Weather forecasts scarier than the weather.... Giving snow storms names.... Predicting The Storm of The Decade! and then watching as no snow falls....
Ever wonder how much television weather people really know about what's headed our way?
Weather blogger Tom Thunstrom has. He's begun a contest to measure which Philadelphia-area station is best this winter at predicting the snow and rain that falls.
He's a hobbyist, not a meteorologist -- a non-profit organization manager who was struck by the weather bug at age 10 in Minnesota, when a tornado roared over his house. After that he was charting mini-forecasts for his parents on toy chalkboards, telling friends everything they always wanted to know about barometric pressure - and more.
If it hadn't been for differential equations and calculus, he figures he'd be a household name, paid the big bucks on TV to tell you about your drive home. Instead, he wound up majoring in history and poli sci, and runs a group that preaches about financial education.
In July the 29-year-old from upper Montgomery County, Pa., launched his blog that gives him outlet for atmospheric passions he says makes him more than a weather geek - he says he's a weather weenie. The site pulled fairly modest traffic over the summer, but picked up in the fall as the big storms hit - Katrina, Wilma etc.
Now he's looking to score with his 2005-2006 Winter Forecast Challenge:
Watching promotions for each of the TV stations in town, you hear claims that 3, 6, 10, or 29 is better than the competition for whatever reasons. Yet when you hear the ads, they don't tell you how accurate their forecasts are or how much more accurate their forecast is than their opponent.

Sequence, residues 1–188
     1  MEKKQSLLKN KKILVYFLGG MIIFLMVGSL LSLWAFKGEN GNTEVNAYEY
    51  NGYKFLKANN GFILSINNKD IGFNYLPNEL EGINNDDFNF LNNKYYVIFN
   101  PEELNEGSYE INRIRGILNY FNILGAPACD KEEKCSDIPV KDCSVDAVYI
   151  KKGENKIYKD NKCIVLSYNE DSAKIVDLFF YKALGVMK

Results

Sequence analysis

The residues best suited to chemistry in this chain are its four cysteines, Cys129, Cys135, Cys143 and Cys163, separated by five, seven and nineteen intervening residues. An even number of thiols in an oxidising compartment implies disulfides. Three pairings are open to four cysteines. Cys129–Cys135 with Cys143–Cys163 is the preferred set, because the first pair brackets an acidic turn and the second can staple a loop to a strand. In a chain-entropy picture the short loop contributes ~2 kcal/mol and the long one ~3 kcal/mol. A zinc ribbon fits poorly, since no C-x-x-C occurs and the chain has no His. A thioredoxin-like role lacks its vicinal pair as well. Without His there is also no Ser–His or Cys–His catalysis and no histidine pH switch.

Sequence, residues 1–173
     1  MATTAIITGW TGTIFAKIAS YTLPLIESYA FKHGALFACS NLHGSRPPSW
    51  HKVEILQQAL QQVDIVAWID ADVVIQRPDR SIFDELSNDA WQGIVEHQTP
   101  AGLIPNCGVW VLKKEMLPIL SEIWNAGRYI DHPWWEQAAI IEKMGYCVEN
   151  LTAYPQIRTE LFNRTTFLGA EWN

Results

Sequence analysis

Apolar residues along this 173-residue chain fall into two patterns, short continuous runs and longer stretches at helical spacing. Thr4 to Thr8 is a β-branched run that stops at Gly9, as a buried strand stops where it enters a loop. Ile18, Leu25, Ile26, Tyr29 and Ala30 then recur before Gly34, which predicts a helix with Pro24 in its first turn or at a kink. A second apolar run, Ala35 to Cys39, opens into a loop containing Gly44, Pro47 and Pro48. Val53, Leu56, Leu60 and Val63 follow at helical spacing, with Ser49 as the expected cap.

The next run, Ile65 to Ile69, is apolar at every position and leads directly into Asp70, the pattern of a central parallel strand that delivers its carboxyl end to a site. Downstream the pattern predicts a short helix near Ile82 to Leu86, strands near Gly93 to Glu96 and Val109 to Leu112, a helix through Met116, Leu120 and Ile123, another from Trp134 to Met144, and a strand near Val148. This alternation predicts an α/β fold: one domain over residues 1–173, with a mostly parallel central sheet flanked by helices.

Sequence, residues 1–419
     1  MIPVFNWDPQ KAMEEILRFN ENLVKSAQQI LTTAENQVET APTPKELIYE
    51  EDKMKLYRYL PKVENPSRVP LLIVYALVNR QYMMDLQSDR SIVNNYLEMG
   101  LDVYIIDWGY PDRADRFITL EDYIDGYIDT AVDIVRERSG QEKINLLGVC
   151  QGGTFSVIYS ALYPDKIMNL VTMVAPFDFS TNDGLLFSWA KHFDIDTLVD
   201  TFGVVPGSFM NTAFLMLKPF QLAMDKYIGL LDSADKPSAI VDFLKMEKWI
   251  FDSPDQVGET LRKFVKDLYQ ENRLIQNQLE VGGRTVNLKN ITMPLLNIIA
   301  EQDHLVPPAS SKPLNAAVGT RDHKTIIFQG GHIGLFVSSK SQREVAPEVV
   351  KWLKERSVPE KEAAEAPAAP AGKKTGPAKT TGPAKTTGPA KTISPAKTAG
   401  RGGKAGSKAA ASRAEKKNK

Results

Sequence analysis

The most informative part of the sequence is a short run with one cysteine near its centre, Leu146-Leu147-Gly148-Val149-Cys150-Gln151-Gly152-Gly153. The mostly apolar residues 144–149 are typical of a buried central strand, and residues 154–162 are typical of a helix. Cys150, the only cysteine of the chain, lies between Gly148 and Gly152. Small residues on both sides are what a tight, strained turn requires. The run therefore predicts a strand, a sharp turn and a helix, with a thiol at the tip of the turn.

He started keeping book Nov. 1, charting each low pressure system that visits Philadelphia. He will check measurements on snow and rain at Philadelphia International Airport. His system rounds predictions to the nearest inch and accounts for the frequent ranges given by meteorologists. (The narrower, the better score. And the lower the score, the better.)
For example, Channel 6 forecasts rain for the city, snow for the burbs. It rains at the airport with no snow accumulation. Channel 6 speculates the rain event to start between 5-8 AM and it starts at 9. They would score a 0 on precip and would score a 2 on timing (for being one hour off) for a total of 2 points for the event.
Example #2, Channel 29 forecasts 2-4" of snow for the city and says it starts around 7-9 AM. The airport gets rain but it starts as predicted, at 9 AM. 29 scores a 2 on precip but gets a 0 on timing for a total of 2 points on the event.
So far some local TV people are paying attention. CBS 3's weather producer Andy Rice has suggested some improvements to Thunstrom's methodology. Thunstrom has incorporated them.